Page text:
Recipes, Vegetarian

Deviled Mushrooms

deviled-mushrooms

We’ve all seen deviled eggs countless times before, but what about deviled mushrooms? My first encounter was in James Beard’s American Cookery, that wonderful trove of American recipes that date back to when the U.S. was a wee infant. Though the practice of adding hot spices to eggs appears to date back to Ancient Rome, the term “deviled” came into common usage in the US in the late 1700s to early 1800s to refer to any spicy dish.

The index of American Cookery shows a couple handfuls of recipes for foods we used to devil often, including crab, scallops, beef bones, and veal kidneys. They all used either cayenne or Tabasco for flavoring. I ended up making the mushrooms, with a bit less oil and a bit more Tabasco than the recipe calls for; what was considered spicy generations ago is considered mild now.

I thought the mushrooms would go great over egg noodles for a light lunch, but James Beard implied it was more often eaten in the morning. “This was a great breakfast dish when one could still find fresh meadow mushrooms,” he wrote. “They were gathered early in the morning, and served with bacon, toast, and sometimes a broiled tomato.” Such an idyllic image, no? Then again, James Beard’s words usually have the power to make me nostalgic for simpler, earlier times that I’ve never experienced.

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Deviled Mushrooms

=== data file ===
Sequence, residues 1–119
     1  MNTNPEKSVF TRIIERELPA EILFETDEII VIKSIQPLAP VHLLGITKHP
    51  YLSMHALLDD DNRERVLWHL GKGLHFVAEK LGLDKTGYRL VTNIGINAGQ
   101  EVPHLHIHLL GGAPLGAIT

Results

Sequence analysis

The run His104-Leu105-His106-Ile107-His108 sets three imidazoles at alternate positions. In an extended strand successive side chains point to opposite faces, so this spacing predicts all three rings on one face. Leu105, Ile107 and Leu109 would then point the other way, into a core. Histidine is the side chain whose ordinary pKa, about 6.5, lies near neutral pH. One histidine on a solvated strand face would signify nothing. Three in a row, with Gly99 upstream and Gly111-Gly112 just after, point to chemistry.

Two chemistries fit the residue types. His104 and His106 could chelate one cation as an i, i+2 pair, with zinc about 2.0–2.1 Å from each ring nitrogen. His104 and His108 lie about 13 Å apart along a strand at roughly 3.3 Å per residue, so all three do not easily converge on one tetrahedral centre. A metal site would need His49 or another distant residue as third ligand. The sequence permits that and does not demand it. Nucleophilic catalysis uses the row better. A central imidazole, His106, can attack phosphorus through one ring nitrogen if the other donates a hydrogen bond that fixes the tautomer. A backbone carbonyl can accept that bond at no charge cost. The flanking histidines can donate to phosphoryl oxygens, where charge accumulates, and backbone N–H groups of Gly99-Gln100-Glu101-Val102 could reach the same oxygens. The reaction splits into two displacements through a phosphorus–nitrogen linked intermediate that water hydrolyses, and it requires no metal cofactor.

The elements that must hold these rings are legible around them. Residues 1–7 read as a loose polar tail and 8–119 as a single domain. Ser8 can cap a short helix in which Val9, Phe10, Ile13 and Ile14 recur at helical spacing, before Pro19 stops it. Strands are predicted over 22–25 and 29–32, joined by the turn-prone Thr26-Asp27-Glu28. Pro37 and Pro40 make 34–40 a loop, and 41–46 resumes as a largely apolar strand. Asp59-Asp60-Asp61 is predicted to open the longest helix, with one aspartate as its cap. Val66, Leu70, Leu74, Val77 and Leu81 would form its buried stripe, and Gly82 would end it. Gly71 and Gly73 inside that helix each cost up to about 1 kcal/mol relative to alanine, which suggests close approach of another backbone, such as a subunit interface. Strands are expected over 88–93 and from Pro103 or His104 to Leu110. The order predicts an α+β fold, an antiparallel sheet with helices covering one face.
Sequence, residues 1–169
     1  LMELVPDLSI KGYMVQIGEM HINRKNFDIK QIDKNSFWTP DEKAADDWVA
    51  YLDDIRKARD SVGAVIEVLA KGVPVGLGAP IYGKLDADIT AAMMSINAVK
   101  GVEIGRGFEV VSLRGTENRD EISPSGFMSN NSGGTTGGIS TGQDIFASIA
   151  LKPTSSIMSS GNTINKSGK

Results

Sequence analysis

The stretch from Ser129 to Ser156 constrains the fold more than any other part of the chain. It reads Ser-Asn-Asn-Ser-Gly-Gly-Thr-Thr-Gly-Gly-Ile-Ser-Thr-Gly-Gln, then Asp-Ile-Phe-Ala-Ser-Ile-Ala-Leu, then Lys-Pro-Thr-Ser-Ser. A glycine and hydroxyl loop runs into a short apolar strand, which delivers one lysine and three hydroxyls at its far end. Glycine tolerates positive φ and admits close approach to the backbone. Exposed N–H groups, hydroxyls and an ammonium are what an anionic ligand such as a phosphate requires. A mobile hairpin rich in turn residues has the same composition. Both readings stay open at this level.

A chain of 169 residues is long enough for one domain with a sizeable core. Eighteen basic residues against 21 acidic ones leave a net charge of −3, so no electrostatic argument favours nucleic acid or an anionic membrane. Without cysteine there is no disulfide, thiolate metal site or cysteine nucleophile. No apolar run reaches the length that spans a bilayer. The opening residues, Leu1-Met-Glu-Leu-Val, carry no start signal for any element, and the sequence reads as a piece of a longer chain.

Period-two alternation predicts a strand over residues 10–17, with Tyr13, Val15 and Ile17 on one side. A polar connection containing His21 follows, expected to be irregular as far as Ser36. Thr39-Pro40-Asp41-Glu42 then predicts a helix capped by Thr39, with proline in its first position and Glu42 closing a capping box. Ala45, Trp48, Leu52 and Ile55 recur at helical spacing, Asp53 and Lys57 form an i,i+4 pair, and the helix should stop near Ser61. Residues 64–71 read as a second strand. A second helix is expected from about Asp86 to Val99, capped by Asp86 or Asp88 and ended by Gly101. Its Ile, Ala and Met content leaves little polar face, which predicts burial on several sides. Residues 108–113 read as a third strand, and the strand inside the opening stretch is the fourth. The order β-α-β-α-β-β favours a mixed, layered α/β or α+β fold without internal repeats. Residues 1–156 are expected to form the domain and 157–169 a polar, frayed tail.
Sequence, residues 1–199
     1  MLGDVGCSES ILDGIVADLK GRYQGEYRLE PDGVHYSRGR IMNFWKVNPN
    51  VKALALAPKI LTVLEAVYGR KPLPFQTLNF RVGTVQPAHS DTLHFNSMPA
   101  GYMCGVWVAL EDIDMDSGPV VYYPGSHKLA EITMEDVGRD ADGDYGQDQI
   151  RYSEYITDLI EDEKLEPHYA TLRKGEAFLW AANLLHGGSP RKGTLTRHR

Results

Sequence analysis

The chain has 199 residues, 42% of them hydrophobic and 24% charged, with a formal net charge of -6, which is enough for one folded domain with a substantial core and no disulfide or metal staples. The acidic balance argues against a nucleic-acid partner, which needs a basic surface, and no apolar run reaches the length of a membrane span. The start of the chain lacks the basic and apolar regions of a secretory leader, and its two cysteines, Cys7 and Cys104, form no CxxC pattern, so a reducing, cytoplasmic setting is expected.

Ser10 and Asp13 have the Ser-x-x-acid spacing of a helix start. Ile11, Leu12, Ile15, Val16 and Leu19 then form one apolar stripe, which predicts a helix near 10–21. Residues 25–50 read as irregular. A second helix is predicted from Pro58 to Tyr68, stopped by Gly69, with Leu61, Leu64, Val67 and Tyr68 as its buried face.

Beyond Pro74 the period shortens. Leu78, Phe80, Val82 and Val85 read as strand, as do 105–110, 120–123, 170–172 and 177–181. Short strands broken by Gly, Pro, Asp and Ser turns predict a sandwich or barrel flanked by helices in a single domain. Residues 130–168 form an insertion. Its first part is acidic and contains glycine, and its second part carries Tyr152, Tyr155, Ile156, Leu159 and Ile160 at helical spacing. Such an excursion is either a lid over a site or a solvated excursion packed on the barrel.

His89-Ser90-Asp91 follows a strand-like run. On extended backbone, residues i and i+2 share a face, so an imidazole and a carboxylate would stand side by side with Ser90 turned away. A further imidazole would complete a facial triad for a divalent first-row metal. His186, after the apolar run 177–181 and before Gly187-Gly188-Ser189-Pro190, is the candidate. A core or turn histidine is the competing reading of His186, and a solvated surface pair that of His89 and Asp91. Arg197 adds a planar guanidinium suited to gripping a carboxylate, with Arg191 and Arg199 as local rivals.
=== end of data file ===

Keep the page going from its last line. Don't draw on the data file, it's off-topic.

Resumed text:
Serves 4 as a side, or 2 to 3 as part of a light lunch

  • 1 pound cremini or button mushrooms
  • 4 tablespoons (1/2 stick) butter
  • 1 tablespoon vegetable oil
  • 1/2 teaspoon Tabasco sauce
  • 2 teaspoons Worcestershire sauce
  • 1 tablespoon lemon juice
  • 2 tablespoons dry sherry
  • Salt and pepper to taste
  1. Heat the butter and oil in a large skillet over medium to medium-high heat. Sauté the mushrooms until golden and softened, about 3 to 4 minutes.
  2. Add the Tabasco sauce, Worcestershire sauce, lemon juice, and sherry. Stir until the mushrooms are well-coated and allow them to cook for 1 minute more. Season to taste with salt and pepper. (James Beard says “plenty of pepper”.)
  3. Serve with toast at breakfast, butter noodles at lunch, or a main dish for supper

Adapted from James Beard’s American Cookery

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Other “deviled” recipes to try: